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Halloween’s Ghastly Grip on Australia: How Is Your Business Benefiting from Increased Interest in This Holiday?

what restaurants can do for halloween

It’s hard to avoid it. In recent years, the popularity of Halloween has increased a lot as the kids take to the streets in their spooky outfits for their annual haunt. And yet, many of us remain opposed or indifferent at best towards this imported American holiday. You could say someone – or something – was casting a spell on our children. But that would be crazy, wouldn’t it? There’s no such thing as real witches.

Halloween is Casting a Spell on our Streets

Perhaps most of all, it is millennials who are fuelling this increased interest in Halloween as they begin to have children of their own and find themselves with more disposable income than before.

Last year, The Sydney Morning Herald reported on how Halloween is bringing communities in Australia together. Street parties encourage children to bond and families to socialise in a way that they don’t get chance to at other times of the year. In The Herald’s community focus, Halloween is already outranking Australia Day celebrations, so the growth of the holiday in recent years is clearly impressive.

If you’re planning on hosting a street party this year,
stock up on those essential disposable cups, glasses and straws
to make sure no one misses out.

Additionally, if you’re looking for a way to capitalise on this increased interest in Halloween, be open to hosting parties at your venue. After all, we haven’t sheepishly copied the American ‘trick or treating’ obsession of knocking on doors and asking for sweets. Our own celebrations tend to be more events focused. So put yourself ahead of the game and market your venue as Halloween ready.

Bartender serves up halloween drinks

What do you need to ensure you’re ready for Halloween?

Take a look at your glassware. If you’re planning on brewing up a few cocktail concoctions for Halloween, make sure you’ve got the appropriate glasses that will work with your drinks. What’s more, you’ll be stocked up now in time for Christmas.

Have you got an idea for a great Halloween punch or cocktail but don’t know how best to showcase this to your customers? How about taking a simple soup kettle and staging it as a Witch’s Cauldron for the evening? This could work just as well for a party with children, they will love getting involved. Just make sure you hold the rum.

Serving up treats is undoubtedly what it’s all about so have you checked that you’ve got suitable crockery to do so? Some stylish bowls or different display options will be great for getting your customers nibbling away.

Ideas for Your Halloween Menu

Here's a couple of hair-raising recipes for you to consider when putting together your Halloween menu. Got any favourites of your own? I'd love to hear about it in the comments section below.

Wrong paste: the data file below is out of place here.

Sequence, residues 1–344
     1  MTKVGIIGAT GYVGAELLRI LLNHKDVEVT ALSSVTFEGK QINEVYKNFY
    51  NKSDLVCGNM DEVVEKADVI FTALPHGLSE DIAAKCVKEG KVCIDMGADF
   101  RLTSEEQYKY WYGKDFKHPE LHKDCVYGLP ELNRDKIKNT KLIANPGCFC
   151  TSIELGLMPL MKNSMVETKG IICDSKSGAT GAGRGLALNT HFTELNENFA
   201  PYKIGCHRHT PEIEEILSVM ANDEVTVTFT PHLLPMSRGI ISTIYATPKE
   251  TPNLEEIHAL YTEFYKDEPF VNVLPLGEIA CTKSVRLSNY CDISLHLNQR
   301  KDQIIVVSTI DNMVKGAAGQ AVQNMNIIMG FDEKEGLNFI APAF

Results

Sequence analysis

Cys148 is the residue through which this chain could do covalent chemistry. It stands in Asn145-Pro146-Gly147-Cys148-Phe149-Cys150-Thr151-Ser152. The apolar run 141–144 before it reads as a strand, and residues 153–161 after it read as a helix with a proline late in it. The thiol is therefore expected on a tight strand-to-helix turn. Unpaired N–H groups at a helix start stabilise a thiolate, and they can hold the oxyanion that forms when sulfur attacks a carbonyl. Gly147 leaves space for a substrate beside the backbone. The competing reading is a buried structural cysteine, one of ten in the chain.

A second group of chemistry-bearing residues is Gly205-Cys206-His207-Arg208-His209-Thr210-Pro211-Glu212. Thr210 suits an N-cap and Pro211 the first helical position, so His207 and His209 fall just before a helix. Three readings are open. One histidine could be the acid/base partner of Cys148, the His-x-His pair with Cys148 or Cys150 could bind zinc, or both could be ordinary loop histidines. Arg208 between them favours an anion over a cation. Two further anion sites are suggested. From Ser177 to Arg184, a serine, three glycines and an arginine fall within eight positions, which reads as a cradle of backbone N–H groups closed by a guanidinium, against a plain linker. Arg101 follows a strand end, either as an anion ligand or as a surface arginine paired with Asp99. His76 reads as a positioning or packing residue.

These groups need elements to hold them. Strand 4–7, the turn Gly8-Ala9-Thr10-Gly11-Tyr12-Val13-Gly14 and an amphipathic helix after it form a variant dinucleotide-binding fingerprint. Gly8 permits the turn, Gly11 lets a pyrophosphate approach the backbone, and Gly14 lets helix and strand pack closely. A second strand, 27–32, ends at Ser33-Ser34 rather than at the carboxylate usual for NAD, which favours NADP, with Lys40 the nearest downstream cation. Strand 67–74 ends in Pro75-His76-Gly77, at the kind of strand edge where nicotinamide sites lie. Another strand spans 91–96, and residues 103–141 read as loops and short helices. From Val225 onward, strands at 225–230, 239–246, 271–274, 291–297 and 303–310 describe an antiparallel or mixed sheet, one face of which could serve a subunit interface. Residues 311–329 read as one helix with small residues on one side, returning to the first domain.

Death in the Afternoon - Ernest Hemingway Inspired Cocktail 

Taking the name of one of Hemingway’s novels, Death in the Afternoon not only has a malevolent name, but its appearance has a likeness to our notions of the cloudy concoctions of an evil witch.

Hemingway’s own directions read: Pour one jigger absinthe into a Champagne glass. Add iced Champagne until it attains the proper opalescent milkiness. Drink three to five of these slowly.”

Serve up with an orange rind on the lip of the flute to give it that extra touch of Halloween colour and your customers will be falling over each other for more. Literally.

Make sure your cocktail presentation is perfect every time for this one and stock up on sparkling Champagne flutes.

Spider's Web Cheesecake - This One's for Everyone

Cheesecake for a restaurant's halloween menu

500g choc ripple biscuits,
crushed 185g unsalted butter,
melted1 teaspoon sea salt flakes
125g dark chocolate, finely chopped
1/2 cup thickened cream
1kg cream cheese, softened
1 1/2 cups caster sugar
1/4 teaspoon sea salt flakes
1/4 cup lemon juice
1 1/2 cups thickened cream

Taken with love and appreciation from taste.com.au.


Combine biscuit, butter and salt to make the crust. Press mixture into the base and up the side of a 6-7cm deep dish. Refrigerate.

Heat the chocolate and cream to make the ganache, stirring through. When smooth, spread the ganache over biscuit base and sides, reserving 1 – 2 spoonfuls for decorating.

Using an electric mixer, beat cream cheese on medium speed for 3 minutes or until fluffy. Reduce speed and gradually beat in the sugar and salt until combined. Increase speed and beat for 3 minutes or until fluffy, adding the lemon and beating until combined.

Whisk the cream until stiff-peaks start to form. Whisk half of the cream into the cream cheese mixture and fold in the remaining whipped cream. Spoon the filling into the prepared crust.

Microwave the remaining ganache until smooth but still thick. Pipe a spider’s web design on top of the mixture. Freeze for four hours or overnight if possible. Decorate with a plastic spider upon serving.

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